27 May 2011

From coffee addict to tea lover

I used to need one cup of coffee to wake up in the morning and at least another two to get through the day. The smell of fresh roasted coffee beans made me salivate. And I’ll admit, although I love the variety and health benefits of loose leaf tea now much more than coffee, I still miss that fresh roasted aroma, thick, milky latte texture and spooning off the foamy bit from the top!

But on my recent trip to New Zealand to visit the country’s only tea plantation, Zealong, I made two new tea discoveries that woke up the coffee addict inside. The first was the fresh, roasted aroma and taste of Zealong’s Dark Oolong tea. Opening up a foil sealed bag of this tea will instantly put your coffee cravings at ease – it has that same fresh, roasted aroma that somehow soothes the soul. And the taste doesn’t disappoint either. It has a rich, nutty taste that leaves a slightly buttery texture in the back of the mouth. And if that description doesn’t satisfy your craving, then check out my recent review for Teaviews.

The second discovery was a Maylasian style tea house called Apego in Auckland. Loose leaf tea replaces coffee beans in the expresso machines here and gets brewed up into a tea latte (pictured above - how good does it look?) – complete with that frothy, foamy milk I used to love spooning off the top! I tried the oolong latte just because I was so curious to see how this variety of tea would work with milk (oolong ranges in flavour from sweet and floral to nutty and caramel). Wow! The sweet, floral flavor of the oolong tea leaves actually combined with the warm milk to create a decadent, dessert-style tea. So despite the super-sized tea cup that it came in, I could’ve easily had another. The flavour was a ‘sweet surprise’ and I got that creamy texture I’d been missing. My inner coffee addict loves nothing better than waking up to a nice cup of tea now.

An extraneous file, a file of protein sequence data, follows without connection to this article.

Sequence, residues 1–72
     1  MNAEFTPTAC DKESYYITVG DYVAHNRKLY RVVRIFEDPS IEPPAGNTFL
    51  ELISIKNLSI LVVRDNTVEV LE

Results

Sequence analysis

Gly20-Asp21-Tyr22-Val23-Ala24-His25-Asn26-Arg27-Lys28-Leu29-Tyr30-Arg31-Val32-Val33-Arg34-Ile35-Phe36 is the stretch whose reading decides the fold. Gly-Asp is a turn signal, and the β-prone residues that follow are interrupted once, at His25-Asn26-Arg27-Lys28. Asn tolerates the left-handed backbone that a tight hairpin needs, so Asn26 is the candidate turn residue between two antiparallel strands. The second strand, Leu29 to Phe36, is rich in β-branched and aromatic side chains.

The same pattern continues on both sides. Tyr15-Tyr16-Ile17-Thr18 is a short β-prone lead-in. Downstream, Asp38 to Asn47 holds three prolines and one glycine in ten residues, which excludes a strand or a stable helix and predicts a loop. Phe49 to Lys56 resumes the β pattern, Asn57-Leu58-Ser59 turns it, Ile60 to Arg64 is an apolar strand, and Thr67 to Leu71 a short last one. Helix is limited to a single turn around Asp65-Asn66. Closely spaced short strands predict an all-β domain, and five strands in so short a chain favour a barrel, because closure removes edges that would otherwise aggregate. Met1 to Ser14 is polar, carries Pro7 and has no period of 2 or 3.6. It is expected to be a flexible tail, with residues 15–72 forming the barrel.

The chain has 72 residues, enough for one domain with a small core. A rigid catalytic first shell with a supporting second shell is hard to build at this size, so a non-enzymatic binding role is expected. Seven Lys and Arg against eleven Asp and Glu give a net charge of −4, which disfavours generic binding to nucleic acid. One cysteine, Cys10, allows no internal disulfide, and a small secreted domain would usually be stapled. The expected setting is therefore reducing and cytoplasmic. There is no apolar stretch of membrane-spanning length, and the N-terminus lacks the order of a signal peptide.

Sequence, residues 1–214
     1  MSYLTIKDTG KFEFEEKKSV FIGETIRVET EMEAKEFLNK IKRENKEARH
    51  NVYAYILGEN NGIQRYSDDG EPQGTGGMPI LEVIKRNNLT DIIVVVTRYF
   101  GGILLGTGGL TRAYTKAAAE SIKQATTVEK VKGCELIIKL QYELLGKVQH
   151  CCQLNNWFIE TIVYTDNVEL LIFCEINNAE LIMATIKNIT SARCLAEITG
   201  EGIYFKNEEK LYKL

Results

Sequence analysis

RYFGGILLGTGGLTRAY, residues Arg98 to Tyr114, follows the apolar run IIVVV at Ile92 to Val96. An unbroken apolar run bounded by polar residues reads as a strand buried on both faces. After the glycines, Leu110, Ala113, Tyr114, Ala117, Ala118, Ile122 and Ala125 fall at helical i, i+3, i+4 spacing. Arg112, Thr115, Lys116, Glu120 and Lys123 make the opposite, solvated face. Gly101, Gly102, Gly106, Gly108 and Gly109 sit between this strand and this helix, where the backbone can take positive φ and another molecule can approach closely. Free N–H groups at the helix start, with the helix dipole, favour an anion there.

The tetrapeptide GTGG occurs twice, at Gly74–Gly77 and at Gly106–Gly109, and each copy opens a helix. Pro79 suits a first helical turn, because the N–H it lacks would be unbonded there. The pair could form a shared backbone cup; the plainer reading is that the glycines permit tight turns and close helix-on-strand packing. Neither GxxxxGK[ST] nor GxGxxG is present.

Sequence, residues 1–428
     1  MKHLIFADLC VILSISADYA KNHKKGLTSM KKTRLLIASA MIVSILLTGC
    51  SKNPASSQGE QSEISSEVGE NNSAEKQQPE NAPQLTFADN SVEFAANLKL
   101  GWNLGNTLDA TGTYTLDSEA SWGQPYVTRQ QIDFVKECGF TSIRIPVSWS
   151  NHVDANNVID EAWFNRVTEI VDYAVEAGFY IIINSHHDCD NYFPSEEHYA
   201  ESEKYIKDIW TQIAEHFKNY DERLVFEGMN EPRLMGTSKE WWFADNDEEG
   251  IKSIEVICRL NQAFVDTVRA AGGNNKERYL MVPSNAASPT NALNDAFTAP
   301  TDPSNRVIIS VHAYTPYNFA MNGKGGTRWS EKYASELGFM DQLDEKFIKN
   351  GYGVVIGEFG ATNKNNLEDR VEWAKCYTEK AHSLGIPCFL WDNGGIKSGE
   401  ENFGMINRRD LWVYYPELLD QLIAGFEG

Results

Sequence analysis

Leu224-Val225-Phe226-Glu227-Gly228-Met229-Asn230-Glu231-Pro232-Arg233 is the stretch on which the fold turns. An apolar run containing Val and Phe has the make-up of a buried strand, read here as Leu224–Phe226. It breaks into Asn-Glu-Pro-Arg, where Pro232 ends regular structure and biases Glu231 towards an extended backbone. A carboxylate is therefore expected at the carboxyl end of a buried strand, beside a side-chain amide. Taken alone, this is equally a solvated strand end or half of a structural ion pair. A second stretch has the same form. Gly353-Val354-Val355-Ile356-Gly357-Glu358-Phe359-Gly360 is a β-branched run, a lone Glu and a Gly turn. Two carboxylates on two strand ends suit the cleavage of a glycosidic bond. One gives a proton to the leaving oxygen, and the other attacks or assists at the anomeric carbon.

11 May 2011

Buying and storing green tea

I recently searched the streets of Sydney for Gyokuro, a very high-quality Japanese green tea, for a client tasting. Japanese green tea is known for its strong vegetal flavour, but it’s also known for losing it’s taste if not stored properly. But given Gyokuro’s high price tag (between $25 - $45 for 50 grams or approximately 10-15 teaspoons) I wanted to share my findings.

I purchased two lots of 50g worth of Gyokuro – one from a well-known shop that stores its tea in tins (directly inside the tin and without any plastic, which is so, so bad for loose leaf!) and another from a specialty Japanese tea shop that sells Gyokuro in air-tight, foil-sealed bags. Both had a vibrant green, leafy colour and sweet aroma. But there was a slight difference in the taste. The Gyokuro stored in the tin had mellowed in taste due to air exposure, meaning my foil-sealed Gyokuro had a stronger, vegetal flavour. It’s not that the tin Gyokuro was bad, it just had a more rounded, slightly richer flavour than the other, which was much more true to its famous grassy and vegetal taste qualities.

Now I know there are many green loose leaf tea drinkers out there, so following are my tips for buying and storing quality green teas:

1. Foil-sealed bags are best for freshness, as the tea leaves have had limited air exposure
2. After opening, store in an air-tight tin where the leaves won’t be exposed to sunlight or heat (ie not in the cupboard over the stove!)
3. It’s best to store green teas at a constant temperature, meaning if you haven’t been storing them in the fridge, don’t! A change in temperature can sometimes affect the flavour more than storing in the fridge
4. The jury is still out regarding whether the fridge keeps green tea fresher. If you do store it here, try not to expose it to any strong odours
5. Drink green tea soon after opening as the flavour will change over time and may lose it’s fresh, crisp vegetal taste. If you prefer a mellower flavour, then this tea can be stored for about two years